“If Christians cannot extend grace through faithful presence within the body of believers, they will not be able to extend grace to those outside.”
~ James Davison Hunter
Recently, someone asked me the following question.
“Frank, if I had to summarize your ministry, it would be that Jesus is more than we ever imagined and we can learn to live by His life which is evidenced by treating others the same way we want to be treated. Would you say that this is accurate?”
My answer: “Yes, that sums it up well.” These two themes are underscored in many of my books and blog posts.
I once wrote a piece for a periodical explaining why I am a Christian. And I ended the piece by asking why those who aren’t Christians have decided not to follow Jesus (yet, at least). Here’s what one person wrote:
“I’m not a Christian because of how most of the Christians I’ve known treat each other. Not loving like their founder taught but just the opposite. I like that your list wasn’t apologetic or combative but personal and I respect that. Rare but nice to see.”
This harkens back to Gandhi’s famous line,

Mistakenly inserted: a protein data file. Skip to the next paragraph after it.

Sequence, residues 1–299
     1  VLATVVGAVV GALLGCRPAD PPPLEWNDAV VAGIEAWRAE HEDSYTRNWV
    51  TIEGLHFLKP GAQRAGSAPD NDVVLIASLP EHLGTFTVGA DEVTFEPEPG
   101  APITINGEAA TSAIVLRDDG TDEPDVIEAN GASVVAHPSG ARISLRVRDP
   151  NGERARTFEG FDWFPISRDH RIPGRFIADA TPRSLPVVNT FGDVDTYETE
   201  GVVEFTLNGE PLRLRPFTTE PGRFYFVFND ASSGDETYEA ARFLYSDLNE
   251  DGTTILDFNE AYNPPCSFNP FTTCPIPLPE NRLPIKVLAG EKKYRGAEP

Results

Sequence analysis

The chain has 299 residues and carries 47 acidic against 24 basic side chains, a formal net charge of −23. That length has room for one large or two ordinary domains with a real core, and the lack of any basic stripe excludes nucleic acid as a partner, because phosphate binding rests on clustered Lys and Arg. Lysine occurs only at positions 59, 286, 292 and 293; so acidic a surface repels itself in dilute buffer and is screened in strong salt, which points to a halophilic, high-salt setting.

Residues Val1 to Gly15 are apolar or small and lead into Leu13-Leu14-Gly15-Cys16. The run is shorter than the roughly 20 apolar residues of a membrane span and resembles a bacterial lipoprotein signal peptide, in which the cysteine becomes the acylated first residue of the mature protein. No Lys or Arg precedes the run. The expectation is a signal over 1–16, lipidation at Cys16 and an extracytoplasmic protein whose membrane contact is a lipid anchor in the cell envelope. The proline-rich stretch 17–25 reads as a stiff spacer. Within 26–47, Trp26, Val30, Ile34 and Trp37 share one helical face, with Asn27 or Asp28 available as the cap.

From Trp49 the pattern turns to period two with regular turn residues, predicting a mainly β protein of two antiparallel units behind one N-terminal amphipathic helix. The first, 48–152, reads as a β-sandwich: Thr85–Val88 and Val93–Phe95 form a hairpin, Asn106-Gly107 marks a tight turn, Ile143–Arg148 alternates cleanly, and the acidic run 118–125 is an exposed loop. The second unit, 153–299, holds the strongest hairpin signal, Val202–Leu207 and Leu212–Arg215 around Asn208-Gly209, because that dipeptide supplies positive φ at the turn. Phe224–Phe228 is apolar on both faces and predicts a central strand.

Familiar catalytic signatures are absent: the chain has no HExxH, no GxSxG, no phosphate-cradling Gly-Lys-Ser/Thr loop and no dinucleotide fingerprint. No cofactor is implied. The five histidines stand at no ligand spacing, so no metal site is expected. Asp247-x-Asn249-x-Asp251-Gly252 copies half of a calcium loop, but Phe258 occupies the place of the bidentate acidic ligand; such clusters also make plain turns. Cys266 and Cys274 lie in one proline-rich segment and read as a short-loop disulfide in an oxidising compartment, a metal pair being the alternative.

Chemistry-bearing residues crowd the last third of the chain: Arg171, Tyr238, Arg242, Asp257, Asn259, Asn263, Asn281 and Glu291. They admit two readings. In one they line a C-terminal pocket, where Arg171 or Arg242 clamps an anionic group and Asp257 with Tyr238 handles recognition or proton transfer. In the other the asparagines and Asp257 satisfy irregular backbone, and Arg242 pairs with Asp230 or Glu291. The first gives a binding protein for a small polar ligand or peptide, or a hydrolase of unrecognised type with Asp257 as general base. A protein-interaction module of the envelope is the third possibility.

“I like your Christ, I do not like your Christians. Your Christians are so unlike your Christ” . . . “If it weren’t for Christians, I’d be a Christian.”
Take a look at this graphic which shows how people search for “Christians” on Google in comparison to “Muslims” and “Jews.” (Credit goes to my friend John Saddington for this analysis).
This graphic shows some of the serious stereotypes that we Christians are up against. Unfortunately, the stereotypes are often painfully true.
It’s not uncommon for some Christians to throw verbal assaults at one another on Facebook, blogs, Twitter, and other Internet venues. As a result, the world sees people who profess to follow Jesus – the Prince of Peace – fighting, misrepresenting one another, and even “blocking” one another.
“But if you bite and devour one another, take heed that you don’t consume one another” (Galatians 5:13).
There once were two cats of Kilkenny
Each thought there was one cat too many
So they fought and they fit
And they scratched and they bit
‘Til excepting their nails
And the tips of their tails
Instead of two cats there weren’t any.
Civil disagreement and even debate, when done in the spirit of Christ, are healthy and helpful.
But when disagreements descend into second-guessing motives, distortions of one another’s words, mischaracterizations of one another’s views, and personal attacks, then we’ve moved into the flesh.